1. Connect a cable from a LAN port of Router_1 to the WAN port of Router_2.

  1. Connect a computer to a LAN cable plugged into Router_1, and login to the settings page using a web browser.  This is usually accomplished by typing “http://10.0.0.1” into a web browser. Different routers will have different factory default addresses (192.168.1.1 is another common one), consult your manual if you can not connect.

  1. Find the settings page that shows the connected devices and their addresses. Find the Router_2 device and write down its address, which will be something like 10.0.0.xxx or 192.168.1.xxx.

  1. Disconnect from Router_1 and connect your computer to a LAN cable plugged into Router_2.  Use your web browser to open the configuration page of Router_2, and login to change the settings.

  1. Find the page that has the “Local Area Network” (LAN) settings on it.  On this page, change the IP address of the router to what you want to use for your subnet.  In this example, Router_2 was configured with an IP address of 192.168.2.1 to make it obviously different from the network of Router_1 which is using 10.0.0.x addresses.

  1. Find the setting called “DHCP Server” (it is usually in the same place as the LAN settings).  Make sure that this is enabled.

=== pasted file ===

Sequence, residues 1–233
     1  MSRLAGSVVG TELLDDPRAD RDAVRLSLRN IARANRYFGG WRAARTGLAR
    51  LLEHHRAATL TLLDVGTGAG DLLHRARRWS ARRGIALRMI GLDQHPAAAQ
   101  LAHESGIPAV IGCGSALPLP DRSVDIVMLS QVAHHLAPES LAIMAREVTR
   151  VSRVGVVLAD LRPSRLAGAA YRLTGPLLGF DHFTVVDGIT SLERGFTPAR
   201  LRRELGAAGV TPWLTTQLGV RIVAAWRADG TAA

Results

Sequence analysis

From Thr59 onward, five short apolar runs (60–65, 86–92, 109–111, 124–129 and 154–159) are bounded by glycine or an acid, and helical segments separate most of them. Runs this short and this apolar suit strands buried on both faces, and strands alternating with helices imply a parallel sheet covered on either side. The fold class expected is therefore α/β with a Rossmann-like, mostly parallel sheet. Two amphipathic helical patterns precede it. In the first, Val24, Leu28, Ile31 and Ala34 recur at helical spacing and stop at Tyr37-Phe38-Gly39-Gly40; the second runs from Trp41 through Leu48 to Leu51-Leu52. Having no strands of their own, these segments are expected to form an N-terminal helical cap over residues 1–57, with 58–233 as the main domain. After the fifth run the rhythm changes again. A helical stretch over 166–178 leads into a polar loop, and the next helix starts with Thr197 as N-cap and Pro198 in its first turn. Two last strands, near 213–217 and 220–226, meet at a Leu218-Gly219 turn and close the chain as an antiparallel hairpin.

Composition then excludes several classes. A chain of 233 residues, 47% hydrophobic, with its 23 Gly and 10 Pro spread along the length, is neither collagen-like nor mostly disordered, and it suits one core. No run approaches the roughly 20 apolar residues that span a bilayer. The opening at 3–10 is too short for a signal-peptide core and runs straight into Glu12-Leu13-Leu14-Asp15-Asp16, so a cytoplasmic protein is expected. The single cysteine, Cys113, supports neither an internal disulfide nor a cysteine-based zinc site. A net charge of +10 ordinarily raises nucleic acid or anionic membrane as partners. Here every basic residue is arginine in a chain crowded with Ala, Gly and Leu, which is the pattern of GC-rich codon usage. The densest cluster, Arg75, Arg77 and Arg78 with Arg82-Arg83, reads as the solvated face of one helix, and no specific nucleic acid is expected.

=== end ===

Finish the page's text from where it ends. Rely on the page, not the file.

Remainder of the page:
router_lan_settings
The settings for a LinkSys router are shown. Router IP Address and DHCP server setting are on the Local Network page.
  1. Save the router settings and exit.

 You have now created an isolated subnetwork that can share a single internet connection.  In this network:

  • Router_1 will get an internet address from your internet service provider.

  • Router_1 will have a local area network (LAN) address which is 10.0.0.1 in this example.

  • Router_1 will do DHCP serving (assign addresses) to all devices connected to its local area network (all the orange devices)

  • Router_2 will have two addresses.  It will have an address on the LAN of Router_1 (10.0.0.2 in this example).  It will also have a different address as the DHCP server of the subnet LAN it creates (192.168.2.1 in this example)

In this network, you can expect the following behavior:

  • All connected devices can access the internet

  • Any device in Network_1 (orange) can ping any other Network_1 device, including being able to ping Router_2 at 10.0.0.2.

  • Any device in Network_2 (purple) can see any other Network_2 device. Network 2 devices can also see Network 1 devices.

  • Network_1 devices can not see Network_2 devices.

  • For example:

    • Computer A could ping Router_1 at 10.0.0.1, and could ping computer B at 10.0.0.10.